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S.F. No. 575 - Full section 179 conformity (as proposed to be amended by A-1)
 
Author: Senator Andrew R. Lang
 
Prepared By: Nora Pollock, Senate Counsel (651/297-8066)
 
Date: March 1, 2019



 

Section 179 expensing allows businesses to deduct the entire cost of certain equipment on their federal tax return in the year of purchase, instead of taking deductions for depreciation over a number of years. Purchases of most equipment and other personal property qualify for Section 179 expensing, including many leasehold improvements by businesses renting their facilities.

Under current law, Minnesota limits this expensing for the year of purchase to $25,000 (the amount in effect at the federal level in 2003) for a maximum of $200,000 in expenses. This amount is reduced dollar for dollar by the cost of property placed in service over $200,000.  If a business claims more in Section 179 expensing under the federal allowances than the $25,000/$200,000 Minnesota allowances, the business must add back 80 percent of the additional amount claimed to Minnesota taxable income on its Minnesota return, and then may subtract one-fifth of the amount added back in each of the next five tax years. In that way, the full amount claimed at the federal level is ultimately allowed at the state level.

Since 2003, Section 179 expensing limits have increased at the federal level. The 2017 federal Tax Cuts and Jobs Act (TCJA) amended the section 179 expensing rules to allow a deduction up to $1 million in qualifying property placed in service in a tax year, fully phasing out at $2.5 million. The TCJA also allowed other types of property to qualify for the deduction.

This bill would conform to the federal Section 179 expensing rules, beginning with placed in service in tax year 2018. For property placed in service before 2018, the current Minnesota approach would continue to apply and expensing would follow the five year add-back schedule until completed.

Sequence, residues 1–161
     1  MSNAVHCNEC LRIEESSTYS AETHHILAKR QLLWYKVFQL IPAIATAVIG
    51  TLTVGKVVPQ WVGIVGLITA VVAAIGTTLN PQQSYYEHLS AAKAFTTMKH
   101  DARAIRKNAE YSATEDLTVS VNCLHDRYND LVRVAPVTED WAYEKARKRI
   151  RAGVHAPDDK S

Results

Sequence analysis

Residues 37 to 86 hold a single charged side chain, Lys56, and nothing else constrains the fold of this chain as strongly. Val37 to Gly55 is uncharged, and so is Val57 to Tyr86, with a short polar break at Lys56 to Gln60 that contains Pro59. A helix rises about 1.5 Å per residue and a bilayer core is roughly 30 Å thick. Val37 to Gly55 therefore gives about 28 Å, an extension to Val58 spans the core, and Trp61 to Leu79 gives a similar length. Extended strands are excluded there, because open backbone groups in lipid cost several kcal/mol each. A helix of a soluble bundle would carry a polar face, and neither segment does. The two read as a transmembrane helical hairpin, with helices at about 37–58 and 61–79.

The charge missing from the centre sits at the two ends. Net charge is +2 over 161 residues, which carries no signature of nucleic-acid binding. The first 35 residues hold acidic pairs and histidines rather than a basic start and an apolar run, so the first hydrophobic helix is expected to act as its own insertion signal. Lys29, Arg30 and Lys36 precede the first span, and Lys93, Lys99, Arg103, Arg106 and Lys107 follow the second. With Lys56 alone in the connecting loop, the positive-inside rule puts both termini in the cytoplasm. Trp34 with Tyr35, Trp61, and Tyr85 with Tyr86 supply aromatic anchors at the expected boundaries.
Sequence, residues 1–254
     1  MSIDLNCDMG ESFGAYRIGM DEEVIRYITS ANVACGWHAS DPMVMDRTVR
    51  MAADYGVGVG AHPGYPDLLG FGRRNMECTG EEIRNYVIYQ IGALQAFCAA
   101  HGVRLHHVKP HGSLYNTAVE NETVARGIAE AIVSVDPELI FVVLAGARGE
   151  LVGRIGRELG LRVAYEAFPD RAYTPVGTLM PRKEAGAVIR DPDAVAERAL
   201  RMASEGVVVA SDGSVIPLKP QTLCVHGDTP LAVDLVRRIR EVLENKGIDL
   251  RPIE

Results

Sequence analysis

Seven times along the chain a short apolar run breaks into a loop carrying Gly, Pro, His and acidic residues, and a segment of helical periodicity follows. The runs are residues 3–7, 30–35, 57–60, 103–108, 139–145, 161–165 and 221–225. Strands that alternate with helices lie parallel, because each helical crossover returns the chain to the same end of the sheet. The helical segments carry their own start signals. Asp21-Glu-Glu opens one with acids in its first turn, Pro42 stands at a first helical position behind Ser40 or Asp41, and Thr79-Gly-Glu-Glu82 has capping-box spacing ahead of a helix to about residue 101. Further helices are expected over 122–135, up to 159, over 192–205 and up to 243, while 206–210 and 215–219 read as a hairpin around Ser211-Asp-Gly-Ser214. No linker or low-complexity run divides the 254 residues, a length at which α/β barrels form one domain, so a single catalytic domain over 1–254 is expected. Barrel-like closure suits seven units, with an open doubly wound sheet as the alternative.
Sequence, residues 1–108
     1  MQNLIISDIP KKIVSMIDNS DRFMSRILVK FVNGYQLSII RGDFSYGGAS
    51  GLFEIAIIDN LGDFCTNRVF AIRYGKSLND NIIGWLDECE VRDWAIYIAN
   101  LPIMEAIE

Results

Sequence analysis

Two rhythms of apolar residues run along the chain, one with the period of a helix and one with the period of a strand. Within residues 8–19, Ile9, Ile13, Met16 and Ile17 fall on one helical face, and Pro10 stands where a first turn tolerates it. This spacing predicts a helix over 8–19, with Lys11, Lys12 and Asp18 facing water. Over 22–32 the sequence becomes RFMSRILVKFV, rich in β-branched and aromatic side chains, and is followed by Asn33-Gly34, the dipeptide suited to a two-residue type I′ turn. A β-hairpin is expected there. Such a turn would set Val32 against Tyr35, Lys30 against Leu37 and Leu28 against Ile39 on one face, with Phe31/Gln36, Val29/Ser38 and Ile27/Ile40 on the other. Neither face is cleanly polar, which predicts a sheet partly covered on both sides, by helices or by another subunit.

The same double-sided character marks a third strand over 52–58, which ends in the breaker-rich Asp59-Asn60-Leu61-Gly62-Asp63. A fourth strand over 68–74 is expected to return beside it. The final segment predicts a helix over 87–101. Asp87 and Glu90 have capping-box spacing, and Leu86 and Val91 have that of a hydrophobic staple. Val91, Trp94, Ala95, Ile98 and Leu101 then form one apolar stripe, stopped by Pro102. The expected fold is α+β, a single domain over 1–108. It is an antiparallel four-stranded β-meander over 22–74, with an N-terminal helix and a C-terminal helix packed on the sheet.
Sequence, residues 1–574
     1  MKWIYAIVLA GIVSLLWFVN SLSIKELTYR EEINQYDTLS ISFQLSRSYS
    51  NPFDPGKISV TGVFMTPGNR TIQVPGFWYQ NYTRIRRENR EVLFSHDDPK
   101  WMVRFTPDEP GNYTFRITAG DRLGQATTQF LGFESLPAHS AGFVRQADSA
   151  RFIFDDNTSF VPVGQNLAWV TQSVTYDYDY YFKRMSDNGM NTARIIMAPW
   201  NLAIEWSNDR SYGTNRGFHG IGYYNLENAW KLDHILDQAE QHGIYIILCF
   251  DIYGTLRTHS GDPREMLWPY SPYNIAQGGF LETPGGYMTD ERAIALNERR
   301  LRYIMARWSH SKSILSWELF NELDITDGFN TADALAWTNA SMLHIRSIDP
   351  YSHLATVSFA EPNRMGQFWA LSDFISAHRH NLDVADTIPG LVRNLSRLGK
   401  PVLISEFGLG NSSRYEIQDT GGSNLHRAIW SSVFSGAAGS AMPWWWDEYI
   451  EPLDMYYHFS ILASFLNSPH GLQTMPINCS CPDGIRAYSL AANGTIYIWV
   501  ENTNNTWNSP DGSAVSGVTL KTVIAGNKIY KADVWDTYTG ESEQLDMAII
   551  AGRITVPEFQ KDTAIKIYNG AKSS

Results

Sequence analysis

All provisions except section 7 are effective retroactively for tax years beginning after 2017.

Section 1. Internal Revenue Code. Provides that for purposes of the tax administration chapter, the Internal Revenue Code (IRC) amended as of December 16, 2016 applies for Minnesota income tax purposes except for section 179 expensing, for which the IRC as amended through December 27, 2017 applies.

Section 2. Composite returns. Corrects cross references for sections of law that are repealed in the bill for purposes of the composite returns filing requirement for nonresident partners, shareholders, and beneficiaries.

Section 3. Net income. Provides that for purposes of the definition of “net income” in the income tax chapter, the IRC amended as of December 16, 2016 applies for Minnesota income tax purposes except for section 179 expensing, for which the IRC as amended through December 27, 2017 applies.

Section 4. Internal Revenue Code. Provides that for purposes of references to the IRC in the income tax chapter, the IRC amended as of December 16, 2016 applies for Minnesota income tax purposes except for section 179 expensing, for which the IRC as amended through December 27, 2017 applies.

Section 5. Schedule of rates. Corrects cross references for sections of law that are repealed in the bill for purposes of income apportionment for nonresidents.

Section 6. Definitions. Corrects cross references for sections of law that are repealed in the bill for purposes of calculating AMT.

Section 7. Special provision. Adds a temporary provision to allow taxpayers who claimed a section 179 subtraction for tax years prior to 2018 to complete the five-year subtraction schedule repealed in section 8. Provides that all laws in Minnesota Statutes 2018 apply to the section 179 subtraction apply to the temporary provision. Effective the day following final enactment.

Section 8. Repealer. Repeals the add-back requirements and five-year subtraction schedule for section 179 expensing described above.

 
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